Join an ongoing conversation about evangelicalism and politics.
Harold Heie, Senior Fellow, The Colossian Forum (TCF) & Rob Barrett, TCF Director of Fellows and Forums are hosting an online conversation called "American Evangelicalism: Present Conditions, Future Possibilities." This month's topic is Evangelicalism and Politics. I joined a great group of colleagues representing a range of academic disciplines, ideological perspectives, and theological views to post initial thoughts to spur discussion.
Christians in the United States, especially evangelicals, have an image problem. Many of those outside the faith (and plenty of insiders, too) have negative views of Christians. From what they see, they have little interest in learning more about the faith.
Many resources are available to help you prepare to vote. In a previous post, I offered a media guide with links to some web sites for newspapers, online media, fact-checking organizations, and political blogs to help you follow current events and learn more about political issues. In this post, I will suggest some additional resources that may help you learn more about candidates as you prepare to vote.
How can you prepare for Election Day? Before choosing between candidates, first decide which political issues matter the most to you and learn more about the different positions on the ballot. Research the candidates, and then make your choices.
For those of you who would like to read a range of perspectives on some of the major domestic and foreign policy issues under discussion in Election 2012, I encourage you to join in the Alternative Political Conversation (www.respectfulconversation.net). This project, created by Harold Heie, provides a forum for Christians to discuss a range of views on political topics.
I am often asked to recommend what I think are the most useful media outlets to help people who want to follow politics and current events. I don’t have a simple answer to this question, but I will suggest some good Internet sources that will help you learn more about politics, find answers to vexing questions, and help you choose candidates to support.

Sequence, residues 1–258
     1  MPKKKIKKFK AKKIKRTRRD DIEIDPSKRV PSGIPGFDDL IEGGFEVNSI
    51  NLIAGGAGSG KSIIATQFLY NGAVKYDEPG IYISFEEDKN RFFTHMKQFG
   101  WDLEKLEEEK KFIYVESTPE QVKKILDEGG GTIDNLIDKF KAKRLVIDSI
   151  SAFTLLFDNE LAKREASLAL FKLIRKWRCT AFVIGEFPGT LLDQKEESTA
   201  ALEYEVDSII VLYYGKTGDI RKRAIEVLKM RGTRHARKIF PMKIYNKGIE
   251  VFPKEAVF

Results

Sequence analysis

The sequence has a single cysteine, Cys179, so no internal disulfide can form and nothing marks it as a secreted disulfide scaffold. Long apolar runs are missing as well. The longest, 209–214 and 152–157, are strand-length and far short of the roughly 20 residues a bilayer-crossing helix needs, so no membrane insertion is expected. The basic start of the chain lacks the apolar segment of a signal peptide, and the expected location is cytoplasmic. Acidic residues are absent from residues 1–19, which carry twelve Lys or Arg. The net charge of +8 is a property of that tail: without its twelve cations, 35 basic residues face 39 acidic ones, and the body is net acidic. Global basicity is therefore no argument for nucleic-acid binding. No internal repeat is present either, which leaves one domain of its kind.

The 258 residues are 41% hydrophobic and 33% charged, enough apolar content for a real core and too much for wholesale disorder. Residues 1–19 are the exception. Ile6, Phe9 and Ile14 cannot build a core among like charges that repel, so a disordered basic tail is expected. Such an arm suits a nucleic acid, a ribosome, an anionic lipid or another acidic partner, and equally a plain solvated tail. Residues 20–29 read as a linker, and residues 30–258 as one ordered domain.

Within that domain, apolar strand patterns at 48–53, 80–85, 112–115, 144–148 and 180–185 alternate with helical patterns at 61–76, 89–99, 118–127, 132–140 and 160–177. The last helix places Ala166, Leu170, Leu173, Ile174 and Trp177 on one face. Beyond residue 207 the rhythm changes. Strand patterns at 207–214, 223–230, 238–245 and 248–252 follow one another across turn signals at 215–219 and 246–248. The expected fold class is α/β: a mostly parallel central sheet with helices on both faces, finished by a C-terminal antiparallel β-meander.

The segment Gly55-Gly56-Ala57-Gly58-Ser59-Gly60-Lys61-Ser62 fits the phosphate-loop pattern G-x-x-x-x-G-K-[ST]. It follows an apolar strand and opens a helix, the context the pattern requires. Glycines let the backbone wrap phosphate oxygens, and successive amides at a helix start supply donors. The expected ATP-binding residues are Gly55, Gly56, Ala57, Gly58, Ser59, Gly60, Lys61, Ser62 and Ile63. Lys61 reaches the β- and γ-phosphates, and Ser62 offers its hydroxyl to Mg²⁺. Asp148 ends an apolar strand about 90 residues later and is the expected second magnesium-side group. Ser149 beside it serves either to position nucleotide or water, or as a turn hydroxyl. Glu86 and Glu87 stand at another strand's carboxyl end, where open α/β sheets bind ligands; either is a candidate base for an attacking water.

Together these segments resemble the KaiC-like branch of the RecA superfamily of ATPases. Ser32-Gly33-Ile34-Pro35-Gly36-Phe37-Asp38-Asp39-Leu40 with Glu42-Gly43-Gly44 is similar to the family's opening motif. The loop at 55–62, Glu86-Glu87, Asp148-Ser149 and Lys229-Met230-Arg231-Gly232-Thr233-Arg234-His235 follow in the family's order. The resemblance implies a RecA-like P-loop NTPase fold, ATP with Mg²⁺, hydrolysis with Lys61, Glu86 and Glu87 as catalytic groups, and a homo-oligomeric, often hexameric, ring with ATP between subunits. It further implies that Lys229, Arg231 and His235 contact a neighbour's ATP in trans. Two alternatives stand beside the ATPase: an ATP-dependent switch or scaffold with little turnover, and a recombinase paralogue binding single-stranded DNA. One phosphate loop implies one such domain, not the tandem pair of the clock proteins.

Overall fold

Here are some thoughts that I recently wrote for the Center for Public Justice's Capital Commentary:
The Olympic flames have been extinguished, the summer is drawing to an end, Mitt Romney has chosen his running mate, and party leaders are preparing for their national conventions. The election season is about to begin in full force, and all signs point to a contentious and angry battle ahead.
This past week, I was interviewed by The Christian Post about my latest book. Follow the link below to find out more about the origins of the book project, some thoughts on why(and how) we can try to talk about politics with humility and grace in our churches and small groups, and some of the ways we can be an effective Christian witness in politics.
Interview: Evangelical Scholar on Honoring God in Politics
As I have discussed in previous posts, government is a gift from God that offers many benefits to society. Most of us likely agree that a robust yet limited government is essential to create a safe and ordered society and provide for the common good.
But if government does so much good, why do we have such strong disagreements about its proper role and reach?
My last post offered some preliminary thoughts on why government is necessary. Here are a few more thoughts to continue the conversation.
What are some of the key components of good government?
One of the most important government functions is maintaining the rule of law. Laws should reflect a concern for the general well-being of everyone and outline our responsibilities to one another as part of a political community. As such, they create clear boundaries for how people can live and work together peacefully.
Amy E. Black is associate professor of political science and chair of the department of Politics and International Relations at Wheaton College (IL). Dr. Black earned her Ph.D. in Political Science at M.I.T. In 2000-2001, Dr. Black served as an American Political Science Association Congressional Fellow, working in the office of Representative Melissa A. Hart.